Seton Corboy admits she hasn’t figured out the right formula. But she’s not done trying. What has become clear to her is that the prime obstacle remains kitchen literacy. “My job is to bring their sense of what cooking is into the modern era.” Yet competing with a blizzard of junk-food advertising has worn thin her patience. As she sees it, the approach to cooking by people on food stamps isn’t all that different from many affluent food lovers: “We watch it on TV. Nobody makes it.” Until that changes, Seton Corboy seems to suggest, little else will.
Photo: Philadelphia Horticultural Society
Growers Alliance is trying to make small-plot urban farming a viable commercial enterprise. This initiative sprouted from PHS’s City Harvest program, which is in turn part of Philadelphia Green, one of the nation’s largest urban landscape renewal projects. With City Harvest, inmates in the Philadelphia prison system grow vegetable seedlings in greenhouses. The seedlings are then distributed to over 40 community gardens throughout the city. To date, most of the harvests go to feeding the inmates, the growers themselves, or local food pantries. But this year, thanks in large part to a $300,000 grant from the USDA, PHS has begun experimenting with directly supporting commercial growers.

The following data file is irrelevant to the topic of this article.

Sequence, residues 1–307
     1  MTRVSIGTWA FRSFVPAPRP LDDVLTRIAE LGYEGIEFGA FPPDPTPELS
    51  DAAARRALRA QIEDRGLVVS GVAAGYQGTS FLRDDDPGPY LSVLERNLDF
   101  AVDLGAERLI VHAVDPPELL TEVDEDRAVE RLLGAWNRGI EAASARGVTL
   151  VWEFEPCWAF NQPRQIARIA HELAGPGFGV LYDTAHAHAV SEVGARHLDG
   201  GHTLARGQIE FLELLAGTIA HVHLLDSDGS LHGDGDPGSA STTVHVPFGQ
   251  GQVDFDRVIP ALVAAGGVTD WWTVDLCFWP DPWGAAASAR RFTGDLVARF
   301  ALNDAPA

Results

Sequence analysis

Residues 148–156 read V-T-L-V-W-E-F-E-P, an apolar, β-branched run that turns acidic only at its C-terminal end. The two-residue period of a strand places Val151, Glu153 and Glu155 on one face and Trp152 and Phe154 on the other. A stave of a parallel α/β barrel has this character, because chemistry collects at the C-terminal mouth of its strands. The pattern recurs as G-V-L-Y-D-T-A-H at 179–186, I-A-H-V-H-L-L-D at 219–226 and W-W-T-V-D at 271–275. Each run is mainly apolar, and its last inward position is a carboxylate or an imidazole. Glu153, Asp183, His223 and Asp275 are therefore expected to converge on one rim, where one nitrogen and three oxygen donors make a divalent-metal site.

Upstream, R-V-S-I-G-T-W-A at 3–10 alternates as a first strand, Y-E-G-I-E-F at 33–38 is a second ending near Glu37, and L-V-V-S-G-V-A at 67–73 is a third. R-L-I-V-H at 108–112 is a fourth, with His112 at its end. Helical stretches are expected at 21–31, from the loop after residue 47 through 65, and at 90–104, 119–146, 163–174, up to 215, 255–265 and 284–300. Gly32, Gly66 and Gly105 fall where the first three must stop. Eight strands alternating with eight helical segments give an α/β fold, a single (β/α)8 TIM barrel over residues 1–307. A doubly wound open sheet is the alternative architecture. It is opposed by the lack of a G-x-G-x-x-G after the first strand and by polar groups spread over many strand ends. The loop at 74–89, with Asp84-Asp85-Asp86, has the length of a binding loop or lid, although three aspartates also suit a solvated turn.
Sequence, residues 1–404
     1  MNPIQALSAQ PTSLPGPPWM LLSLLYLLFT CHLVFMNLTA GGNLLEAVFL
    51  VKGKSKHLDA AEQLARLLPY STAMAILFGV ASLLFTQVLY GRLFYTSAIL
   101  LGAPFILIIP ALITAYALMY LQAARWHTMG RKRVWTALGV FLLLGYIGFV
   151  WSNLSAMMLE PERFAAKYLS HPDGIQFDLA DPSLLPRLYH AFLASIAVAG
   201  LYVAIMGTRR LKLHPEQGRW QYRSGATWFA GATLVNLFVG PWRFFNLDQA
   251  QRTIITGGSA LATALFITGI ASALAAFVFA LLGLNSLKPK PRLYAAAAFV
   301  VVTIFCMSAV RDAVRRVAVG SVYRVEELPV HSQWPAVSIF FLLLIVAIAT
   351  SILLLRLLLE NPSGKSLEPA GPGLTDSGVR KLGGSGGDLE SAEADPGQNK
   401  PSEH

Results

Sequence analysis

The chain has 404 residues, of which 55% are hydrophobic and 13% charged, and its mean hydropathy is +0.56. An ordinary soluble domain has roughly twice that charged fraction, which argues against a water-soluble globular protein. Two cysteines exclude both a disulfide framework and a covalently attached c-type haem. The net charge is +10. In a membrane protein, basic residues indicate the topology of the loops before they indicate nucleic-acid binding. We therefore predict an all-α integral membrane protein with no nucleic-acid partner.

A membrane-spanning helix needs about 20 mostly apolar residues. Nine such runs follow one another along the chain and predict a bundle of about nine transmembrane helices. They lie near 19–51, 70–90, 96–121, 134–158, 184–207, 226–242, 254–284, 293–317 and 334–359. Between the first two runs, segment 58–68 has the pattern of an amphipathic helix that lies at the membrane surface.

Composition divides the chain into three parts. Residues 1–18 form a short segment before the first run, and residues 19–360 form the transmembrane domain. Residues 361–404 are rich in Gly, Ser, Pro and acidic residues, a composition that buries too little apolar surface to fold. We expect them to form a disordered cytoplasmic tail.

Dubbed Growers Alliance, the program is designed to encourage chemical-free commercial growing on small plots. The project finances the construction of up to six 4-by-8-foot raised beds and provides seedlings gr
own by inmates or at an expanded greenhouse facility operated by Philadelphia’s Weavers Way Co-op farm. Growers are encouraged to sell their produce, and sell they have to neighbors, to restaurants, at local farmers markets and to the Weavers Way Co-op, which operates a dedicated, refrigerated truck (paid for by the USDA grant) that will pick up from any interested Growers Alliance sites.